Guy Burstein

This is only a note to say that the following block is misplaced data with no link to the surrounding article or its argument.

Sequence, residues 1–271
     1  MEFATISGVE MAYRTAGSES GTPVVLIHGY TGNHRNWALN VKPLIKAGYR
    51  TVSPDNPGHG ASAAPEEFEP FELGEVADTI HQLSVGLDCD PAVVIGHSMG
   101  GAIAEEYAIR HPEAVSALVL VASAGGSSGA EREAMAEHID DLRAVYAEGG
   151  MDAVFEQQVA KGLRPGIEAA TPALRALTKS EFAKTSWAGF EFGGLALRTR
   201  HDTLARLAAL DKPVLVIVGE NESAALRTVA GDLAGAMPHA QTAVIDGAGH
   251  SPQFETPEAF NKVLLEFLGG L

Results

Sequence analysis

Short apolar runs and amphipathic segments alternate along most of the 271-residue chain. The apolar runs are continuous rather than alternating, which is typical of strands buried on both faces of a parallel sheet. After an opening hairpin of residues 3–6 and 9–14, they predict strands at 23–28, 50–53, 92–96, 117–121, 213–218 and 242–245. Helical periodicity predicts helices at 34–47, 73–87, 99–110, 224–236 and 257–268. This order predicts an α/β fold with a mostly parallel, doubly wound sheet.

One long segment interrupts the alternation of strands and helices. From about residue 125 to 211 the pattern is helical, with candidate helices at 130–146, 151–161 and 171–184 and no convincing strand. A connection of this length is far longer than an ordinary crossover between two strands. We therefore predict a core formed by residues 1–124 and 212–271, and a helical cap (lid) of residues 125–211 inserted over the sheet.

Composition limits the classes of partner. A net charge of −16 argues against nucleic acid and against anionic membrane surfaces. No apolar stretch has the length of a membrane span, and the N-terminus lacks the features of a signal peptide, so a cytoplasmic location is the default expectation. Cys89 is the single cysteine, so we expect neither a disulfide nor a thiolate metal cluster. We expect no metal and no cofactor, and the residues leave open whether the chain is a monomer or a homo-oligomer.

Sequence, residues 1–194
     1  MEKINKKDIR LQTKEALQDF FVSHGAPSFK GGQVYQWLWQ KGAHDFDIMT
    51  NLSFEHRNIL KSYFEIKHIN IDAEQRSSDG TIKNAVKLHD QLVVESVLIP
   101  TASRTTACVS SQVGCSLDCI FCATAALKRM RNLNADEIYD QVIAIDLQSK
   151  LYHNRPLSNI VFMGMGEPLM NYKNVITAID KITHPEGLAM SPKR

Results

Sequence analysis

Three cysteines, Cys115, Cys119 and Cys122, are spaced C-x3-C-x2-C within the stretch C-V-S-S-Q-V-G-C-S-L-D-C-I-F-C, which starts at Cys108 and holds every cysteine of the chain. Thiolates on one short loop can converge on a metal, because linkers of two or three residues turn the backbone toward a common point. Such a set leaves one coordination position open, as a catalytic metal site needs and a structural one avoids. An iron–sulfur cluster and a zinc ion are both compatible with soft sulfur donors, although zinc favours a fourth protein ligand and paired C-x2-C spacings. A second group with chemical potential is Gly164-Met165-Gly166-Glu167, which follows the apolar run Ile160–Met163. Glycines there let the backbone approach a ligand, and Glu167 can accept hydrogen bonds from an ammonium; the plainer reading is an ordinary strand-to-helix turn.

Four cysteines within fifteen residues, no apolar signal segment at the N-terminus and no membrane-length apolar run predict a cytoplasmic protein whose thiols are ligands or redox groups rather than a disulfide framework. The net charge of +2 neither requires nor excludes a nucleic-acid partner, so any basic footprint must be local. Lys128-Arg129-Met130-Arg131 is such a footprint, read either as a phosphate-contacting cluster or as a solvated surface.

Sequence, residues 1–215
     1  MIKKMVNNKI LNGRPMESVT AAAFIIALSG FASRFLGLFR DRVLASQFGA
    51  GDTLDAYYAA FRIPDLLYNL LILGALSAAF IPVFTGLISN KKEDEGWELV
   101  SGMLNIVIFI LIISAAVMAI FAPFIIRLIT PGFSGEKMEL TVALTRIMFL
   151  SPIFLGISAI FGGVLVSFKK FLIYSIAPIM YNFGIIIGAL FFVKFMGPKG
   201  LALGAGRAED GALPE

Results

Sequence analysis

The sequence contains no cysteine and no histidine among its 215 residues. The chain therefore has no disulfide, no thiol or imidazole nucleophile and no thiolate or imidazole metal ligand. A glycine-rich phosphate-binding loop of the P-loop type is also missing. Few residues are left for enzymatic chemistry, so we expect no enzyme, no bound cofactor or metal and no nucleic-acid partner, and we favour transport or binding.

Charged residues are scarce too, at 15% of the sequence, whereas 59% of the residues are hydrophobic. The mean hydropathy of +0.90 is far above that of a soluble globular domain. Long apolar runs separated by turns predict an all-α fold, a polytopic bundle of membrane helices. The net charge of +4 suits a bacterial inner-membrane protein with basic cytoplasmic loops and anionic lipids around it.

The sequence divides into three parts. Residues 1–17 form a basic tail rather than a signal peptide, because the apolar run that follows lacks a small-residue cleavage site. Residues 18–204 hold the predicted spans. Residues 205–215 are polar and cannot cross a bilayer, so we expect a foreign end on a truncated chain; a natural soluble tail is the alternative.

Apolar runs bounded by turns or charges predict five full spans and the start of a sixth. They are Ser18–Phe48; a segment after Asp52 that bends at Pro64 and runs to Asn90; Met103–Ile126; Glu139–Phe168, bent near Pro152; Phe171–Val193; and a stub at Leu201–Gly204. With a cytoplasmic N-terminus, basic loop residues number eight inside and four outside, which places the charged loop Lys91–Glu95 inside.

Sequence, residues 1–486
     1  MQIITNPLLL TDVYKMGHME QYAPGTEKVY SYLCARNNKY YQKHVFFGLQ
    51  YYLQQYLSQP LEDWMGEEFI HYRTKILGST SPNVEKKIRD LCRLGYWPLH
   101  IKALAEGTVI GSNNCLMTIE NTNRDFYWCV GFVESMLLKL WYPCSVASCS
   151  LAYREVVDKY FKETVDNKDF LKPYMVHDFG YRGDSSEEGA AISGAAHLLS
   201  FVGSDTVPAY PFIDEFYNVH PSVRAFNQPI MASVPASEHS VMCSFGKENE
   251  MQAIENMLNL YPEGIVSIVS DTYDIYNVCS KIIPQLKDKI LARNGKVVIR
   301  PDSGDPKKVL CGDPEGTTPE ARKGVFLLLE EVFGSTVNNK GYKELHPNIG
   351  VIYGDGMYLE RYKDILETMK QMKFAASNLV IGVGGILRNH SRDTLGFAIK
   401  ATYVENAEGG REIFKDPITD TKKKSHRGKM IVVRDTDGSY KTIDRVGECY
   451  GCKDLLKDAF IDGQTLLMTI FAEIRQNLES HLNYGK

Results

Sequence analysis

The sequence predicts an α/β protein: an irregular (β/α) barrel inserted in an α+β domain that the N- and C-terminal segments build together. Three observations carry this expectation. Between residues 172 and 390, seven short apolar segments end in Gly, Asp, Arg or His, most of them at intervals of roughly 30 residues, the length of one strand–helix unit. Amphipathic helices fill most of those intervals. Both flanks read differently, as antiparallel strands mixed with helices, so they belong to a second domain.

(Mar. 10, 2011) — As I look down upon the vast pixelated landscape, I think to myself that I need to punch that landscape. As I mine stone and punch trees, I gather thousands of perfectly cubic building blocks. No, it is not the journey into the mind of an insane asylum attendant. I am playing Minecraft, the independent computer game phenomenon that is sweeping across the Internet. Upon loading a new world in Minecraft, which costs 15 euros or about $20, a seemingly endless terrain is automatically created in front of you for you to excavate. In the game, you take control of an unnamed character who has apparently been stranded on this vast world, and it is your responsibility to gather resources, create tools and make a shelter for yourself in the limited time available before night. Once nighttime arrives, several monsters, including zombies and spiders, will attempt to kill you. You must hope that before this occurs, you have already built a well lit shelter. After this first night however, Minecraft stops being as much of a survival game and becomes a creative sandbox game where you can build anything you can imagine. Part of the appeal of Minecraft is the near endless amount of activities available to perform. One can be unleashing their creative side with the construction of massive skyscrapers one moment and the next moment be fighting off zombies deep in disorienting and lava-filled caves. If you manage to exhaust the possibilities of the game, which you probably will not, hours of more game play open up with the multiplayer servers. In this mode, players can either work together to build even greater accomplishments, fight monsters or fight each other. Also, due to the fact that Mojang constantly updates the game with new content, there is always something new to try or build. One complaint about Minecraft is the graphics. Due to the style of game play, the entire world must be split up into low resolution blocks. Although this causes it to be far from a graphical masterpiece, there is a certain charm in Minecraft’s retro based graphics. Nethertheless, those used to playing more graphically intense games like Call of Duty might find Minecraft somewhat off-putting. In addition, there is a moderate learning curve due to the lack of an in-game tutorial. Despite these mild problems, Minecraft manages to be a very addictive game which has entranced millions after only several months.